Major third Covid-19 wave in India highly unlikely: IIT researchers

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By Express News Service

NEW DELHI: A mathematical projection model by Covid-19-Sutra — jointly developed by researchers from Indian Institutes of Technology in Kanpur and Hyderabad — has predicted that a major third wave of the pandemic in India is highly unlikely.  

In the worst-case scenario, the model led by IIT Kanpur professor Manindra Agrawal, has said that there could be up to 2 lakh daily new infections between October and November this year, assuming that 50% of infected persons lose immunity after three months and the remaining stay immune.

Other assumptions for this scenario is that 25% become immune one month after first vaccine shot, another 25% one month after second shot and a fresh mutant arrives by August-end which will raise the contact rate to 0.5.

In the intermediate scenario, as per the projection, there could be up to 75,000 daily Covid-19 cases, assuming that 50% infected persons lose immunity after three months while remaining stay immune. 

This scenario also assumes that 25% become immune one month after the first vaccine shot, another 25% one month after the second shot and a new mutant comes up leading to the maximum contact rate of 0.4.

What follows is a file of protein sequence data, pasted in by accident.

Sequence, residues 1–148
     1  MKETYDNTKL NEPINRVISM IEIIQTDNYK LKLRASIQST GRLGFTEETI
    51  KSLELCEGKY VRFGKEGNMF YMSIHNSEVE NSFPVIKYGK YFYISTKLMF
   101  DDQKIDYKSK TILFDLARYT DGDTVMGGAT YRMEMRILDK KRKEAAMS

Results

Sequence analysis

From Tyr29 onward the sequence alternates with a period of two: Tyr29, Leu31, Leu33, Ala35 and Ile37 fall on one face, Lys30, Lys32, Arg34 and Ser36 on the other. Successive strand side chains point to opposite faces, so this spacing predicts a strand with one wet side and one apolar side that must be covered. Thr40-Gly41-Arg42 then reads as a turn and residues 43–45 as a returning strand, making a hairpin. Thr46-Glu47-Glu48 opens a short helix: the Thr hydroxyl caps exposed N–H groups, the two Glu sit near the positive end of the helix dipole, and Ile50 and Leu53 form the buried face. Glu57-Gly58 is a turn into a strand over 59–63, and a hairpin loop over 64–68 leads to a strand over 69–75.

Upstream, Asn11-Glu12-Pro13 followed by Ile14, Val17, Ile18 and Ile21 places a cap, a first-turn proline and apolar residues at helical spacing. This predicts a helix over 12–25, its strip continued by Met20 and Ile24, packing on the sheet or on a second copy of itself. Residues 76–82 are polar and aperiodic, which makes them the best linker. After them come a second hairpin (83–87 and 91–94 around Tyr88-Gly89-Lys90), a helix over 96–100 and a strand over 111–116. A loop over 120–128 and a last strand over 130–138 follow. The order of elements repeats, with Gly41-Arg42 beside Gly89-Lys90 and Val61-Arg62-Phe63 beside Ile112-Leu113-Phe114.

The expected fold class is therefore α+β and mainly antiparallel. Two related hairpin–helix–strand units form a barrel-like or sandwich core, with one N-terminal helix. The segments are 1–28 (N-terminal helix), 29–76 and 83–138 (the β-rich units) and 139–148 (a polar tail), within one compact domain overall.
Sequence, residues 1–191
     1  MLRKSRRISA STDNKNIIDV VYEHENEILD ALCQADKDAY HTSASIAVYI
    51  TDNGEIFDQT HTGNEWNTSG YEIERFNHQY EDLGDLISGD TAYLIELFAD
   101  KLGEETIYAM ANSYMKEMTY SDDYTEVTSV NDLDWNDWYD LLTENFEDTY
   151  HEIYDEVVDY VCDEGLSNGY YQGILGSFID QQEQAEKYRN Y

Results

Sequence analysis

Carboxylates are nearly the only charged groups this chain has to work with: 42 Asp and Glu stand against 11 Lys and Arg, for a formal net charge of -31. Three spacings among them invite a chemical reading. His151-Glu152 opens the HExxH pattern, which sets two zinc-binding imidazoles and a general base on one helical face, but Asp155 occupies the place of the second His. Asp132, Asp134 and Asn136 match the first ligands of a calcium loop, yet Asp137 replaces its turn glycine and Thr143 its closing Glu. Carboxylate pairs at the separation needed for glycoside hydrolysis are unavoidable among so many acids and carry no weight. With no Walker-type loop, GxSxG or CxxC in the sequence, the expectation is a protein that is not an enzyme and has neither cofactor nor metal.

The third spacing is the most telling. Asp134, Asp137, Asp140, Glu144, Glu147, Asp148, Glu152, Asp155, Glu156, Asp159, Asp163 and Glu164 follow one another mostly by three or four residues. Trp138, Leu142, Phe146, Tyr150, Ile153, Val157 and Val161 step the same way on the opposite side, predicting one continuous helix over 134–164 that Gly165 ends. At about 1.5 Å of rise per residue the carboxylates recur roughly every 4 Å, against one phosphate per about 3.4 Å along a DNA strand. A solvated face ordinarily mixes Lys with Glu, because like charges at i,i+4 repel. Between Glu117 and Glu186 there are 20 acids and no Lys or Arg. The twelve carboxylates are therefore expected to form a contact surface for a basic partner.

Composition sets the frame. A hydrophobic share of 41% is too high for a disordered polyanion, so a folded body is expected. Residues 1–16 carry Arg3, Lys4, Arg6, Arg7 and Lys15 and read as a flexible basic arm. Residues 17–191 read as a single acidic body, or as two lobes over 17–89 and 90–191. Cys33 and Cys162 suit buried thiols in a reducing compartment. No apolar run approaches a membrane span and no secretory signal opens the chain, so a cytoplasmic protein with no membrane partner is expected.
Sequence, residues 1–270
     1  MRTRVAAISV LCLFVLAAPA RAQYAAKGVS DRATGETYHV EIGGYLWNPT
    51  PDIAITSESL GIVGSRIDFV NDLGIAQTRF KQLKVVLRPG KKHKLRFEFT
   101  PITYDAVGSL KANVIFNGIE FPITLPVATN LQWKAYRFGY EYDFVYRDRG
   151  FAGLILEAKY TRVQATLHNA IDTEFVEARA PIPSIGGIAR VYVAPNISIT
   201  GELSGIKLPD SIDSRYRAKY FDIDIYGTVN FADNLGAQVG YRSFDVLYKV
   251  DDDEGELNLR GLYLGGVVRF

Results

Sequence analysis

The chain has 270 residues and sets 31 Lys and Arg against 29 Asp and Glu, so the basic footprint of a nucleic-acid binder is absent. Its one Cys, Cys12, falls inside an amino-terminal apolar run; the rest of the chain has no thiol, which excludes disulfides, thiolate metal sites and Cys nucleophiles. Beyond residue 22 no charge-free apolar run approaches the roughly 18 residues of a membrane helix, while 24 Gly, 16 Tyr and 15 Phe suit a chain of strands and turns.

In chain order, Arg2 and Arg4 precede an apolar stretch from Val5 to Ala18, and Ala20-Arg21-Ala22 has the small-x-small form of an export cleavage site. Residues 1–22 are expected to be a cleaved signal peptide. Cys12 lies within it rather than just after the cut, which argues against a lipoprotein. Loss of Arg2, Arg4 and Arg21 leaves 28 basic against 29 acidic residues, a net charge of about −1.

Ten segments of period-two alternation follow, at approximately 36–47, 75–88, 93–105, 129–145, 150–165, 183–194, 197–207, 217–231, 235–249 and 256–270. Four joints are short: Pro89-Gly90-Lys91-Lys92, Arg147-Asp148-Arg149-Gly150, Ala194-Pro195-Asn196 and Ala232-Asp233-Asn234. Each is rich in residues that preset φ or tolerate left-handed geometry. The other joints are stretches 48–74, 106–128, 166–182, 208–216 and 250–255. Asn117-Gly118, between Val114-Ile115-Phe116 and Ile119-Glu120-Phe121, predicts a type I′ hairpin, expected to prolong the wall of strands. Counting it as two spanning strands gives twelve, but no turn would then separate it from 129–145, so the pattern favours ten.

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On the other hand, in the best-case scenario, the level of daily new cases will stay as low as they are now — at under 50,000 — and this assumes that 40% of infected persons lose immunity after three months and 30% become immune one month after first vaccine shot, and another 30% one month after second shot. 

For this possible scenario, no new mutant will have to emerge and the contact rate will need to stay at 0.4. 

The researchers assumed that the next wave will not start before August this year as a new mutant takes at least a couple of months to spread over a large region and people are just coming out of a bad second wave, and are expected to be cautious for at least another couple of months.

The researchers also projected that by November this year, only 75% of the adult population may get vaccinated due to vaccine hesitancy.
 
Their work also highlighted that while infected persons develop immunity; however, for some of them it does not last long and evidence from last year suggests that between 5-20% of infected people lose immunity within eight months.

The researchers noted that with the new delta variant of SARS CoV 2 spreading in the last few months, there are indications that immunity loss is higher and some, as yet informal, estimates put it at nearly 40.

The more recent delta plus variant is believed to cause even higher immunity loss and the researchers associated with the project estimated it to be around 50%.

However, they stressed that the two vaccines presently used in India provide good immunity against the virus and even though the vaccine efficacy may be lowered against delta and delta plus variants, vaccination may be a key tool to fight the pandemic.



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